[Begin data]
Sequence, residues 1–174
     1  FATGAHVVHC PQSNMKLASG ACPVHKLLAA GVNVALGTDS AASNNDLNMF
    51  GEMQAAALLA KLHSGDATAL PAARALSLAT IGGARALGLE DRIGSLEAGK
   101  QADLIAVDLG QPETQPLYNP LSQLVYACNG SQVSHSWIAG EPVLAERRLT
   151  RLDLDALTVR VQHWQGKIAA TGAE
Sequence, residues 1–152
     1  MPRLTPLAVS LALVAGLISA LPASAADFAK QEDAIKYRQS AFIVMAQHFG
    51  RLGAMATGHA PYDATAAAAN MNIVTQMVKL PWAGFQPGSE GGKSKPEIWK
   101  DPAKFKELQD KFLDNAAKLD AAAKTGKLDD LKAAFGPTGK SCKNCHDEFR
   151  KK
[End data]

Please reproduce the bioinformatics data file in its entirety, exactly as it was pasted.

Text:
Sequence, residues 1–174
     1  FATGAHVVHC PQSNMKLASG ACPVHKLLAA GVNVALGTDS AASNNDLNMF
    51  GEMQAAALLA KLHSGDATAL PAARALSLAT IGGARALGLE DRIGSLEAGK
   101  QADLIAVDLG QPETQPLYNP LSQLVYACNG SQVSHSWIAG EPVLAERRLT
   151  RLDLDALTVR VQHWQGKIAA TGAE
Sequence, residues 1–152
     1  MPRLTPLAVS LALVAGLISA LPASAADFAK QEDAIKYRQS AFIVMAQHFG
    51  RLGAMATGHA PYDATAAAAN MNIVTQMVKL PWAGFQPGSE GGKSKPEIWK
   101  DPAKFKELQD KFLDNAAKLD AAAKTGKLDD LKAAFGPTGK SCKNCHDEFR
   151  KK